Aveneu Park, Starling, Australia

Acute of redness, swelling and ulceration over a period

Acute toxicity refers to the adverse effect on the first exposure
of a single dose of a substance in a short period of time. Separate test is
needed to detect how the substance swallowed, inhaled, injected or come into
contact with the skin and eye affects organs. Skin irritancy test is conducted
on the shaved area of the back of rabbits by observing the development of redness,
swelling and ulceration over a period of three days. In eye-irritancy test, the
test substance is administered directly into the eye of a rabbit. In skin
sensitisation test, the skin of guinea pigs is applied doses of test substances
to observe an immune reaction, indicating sensitisation to the chemical. Guinea
pigs are later being replaced by mice and conducted in a test called the local
lymph node assay (Badyal & Desai,
2014). The
test material is applied to the ears of the mice and measures the level of
induced DNA synthesis in the lymph nodes at the early stages of sensitisation
before the mice are killed. This test causes less pain to the animals involved,
uses fewer animals and able to obtain more useful information. The main purpose
of the skin and eye test is to allow classification and labelling of corrosive
and irritant chemicals. The current systems of clarification allows chemicals
to be classified by their physico-chemical properties such as pH value (Boyd et al., 2005).

The number of animals involved in the different kinds of toxicity
test varies. A full complement of toxicity tests for a pharmaceutical compound
that appears on the market involves between 1500-3000 animals. Rodents are most
commonly used in toxicity test. A series of tests ranging from a single high
dose to long term exposure to a certain drug, in order to observe the results
of a product used in different situations. Humans are subjected to many different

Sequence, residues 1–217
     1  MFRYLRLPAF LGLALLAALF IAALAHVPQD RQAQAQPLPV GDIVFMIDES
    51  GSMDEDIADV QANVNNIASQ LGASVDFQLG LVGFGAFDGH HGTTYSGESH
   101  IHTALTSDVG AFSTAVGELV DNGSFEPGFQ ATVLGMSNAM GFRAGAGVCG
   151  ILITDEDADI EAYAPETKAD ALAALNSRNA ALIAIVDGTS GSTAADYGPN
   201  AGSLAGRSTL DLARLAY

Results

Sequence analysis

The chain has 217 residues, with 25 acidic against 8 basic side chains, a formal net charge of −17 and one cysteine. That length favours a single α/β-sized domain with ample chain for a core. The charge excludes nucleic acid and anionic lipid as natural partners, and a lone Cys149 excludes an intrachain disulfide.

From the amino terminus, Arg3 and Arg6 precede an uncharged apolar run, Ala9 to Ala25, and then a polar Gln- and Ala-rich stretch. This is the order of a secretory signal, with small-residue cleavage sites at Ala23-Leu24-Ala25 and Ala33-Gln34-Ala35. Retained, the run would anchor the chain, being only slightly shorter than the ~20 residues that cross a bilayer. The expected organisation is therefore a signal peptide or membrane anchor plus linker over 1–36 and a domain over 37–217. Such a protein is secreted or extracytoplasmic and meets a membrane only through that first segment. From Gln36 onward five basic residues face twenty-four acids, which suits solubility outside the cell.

kinds of exposure such as mouth, skin, eyes or airways, therefore the results are
used to assign chemicals to bands of acute toxic effects. When a chemical is
introduced into a body, it interacts in many places throughout and effect upon
a process can cause unexpected outcome. Therefore animal testing is significant
because such complex cannot be duplicated in cell cultures or in non-living systems.
Toxicity can be influenced by various aspects such as the speed of substance
entering the system leading to the different response of organs and body
tissues. In animals, not only we can analyse the chemical reaction as well as
the relationship between the dose given to the animal and to the different
organs and tissues in the body. (Anon, 2007). Regulatory requirements
request the reduction in the use of animals in studies and reduce the pain and
distress. It is difficult to assess the suffering sustained by animals used
toxicity testing. Some form of harm done to animals is inevitable to achieve
the scientific objectives of work (Perry, 2007).

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There are three types of licence that manage all animal
research in the UK: personal licences, project licences and certificates of designation.
To obtain a personal licence, a scientist must successfully complete a training
course covering the ethical and legislation aspects of animal use, care and
welfare, husbandry and animal biology. A licence holder are obliged to ensure
minimal pain and suffering given to the animal. A project licence holder is
permitted to conduct a project about the prevention or treatment of a certain
disease or their effects in humans, animals, or plants. A certificate of
designation holder must ensure that its establishment complies with the
conditions of the certificate. The licence holder is also required to nominate
at least a person to be in charge of the health and welfare of all animals (Boyd et al., 2005).

In the UK, in order for new medicines to be licensed, they
must meet the requirements of the Medicines Act 1968. The Act states that a
medicine requires the testing of animals to prove that it is safe, effective
and of high quality. All new chemicals placed on the EU market for the first
time must be declared to the competent authorities of the Member States. EU
legislation, Directive EC 2001/83 requires animal testing before being tested
on humans. The Health and Safety at Work Act 1974, the Consumer Protection Act
1987 and the Food Safety Act 1990 requires the testing of chemicals. Certain
OCED testing guidelines also require the use of animal testing (Boyd et al., 2005).

Although society views animal testing as an ethical problem,
polls show that they are ready to accept the use of animals in medical research,
84% in 1999, 90% in 2002 and 89% in 2005. In 2006, 96% of GPs agreed that the
advancement of medicine is due to the contribution of animal testing and about
88% of GPs agreed that safety testing should be done on animals before
undergoing human trials (Festing & Wilkinson, 2007).

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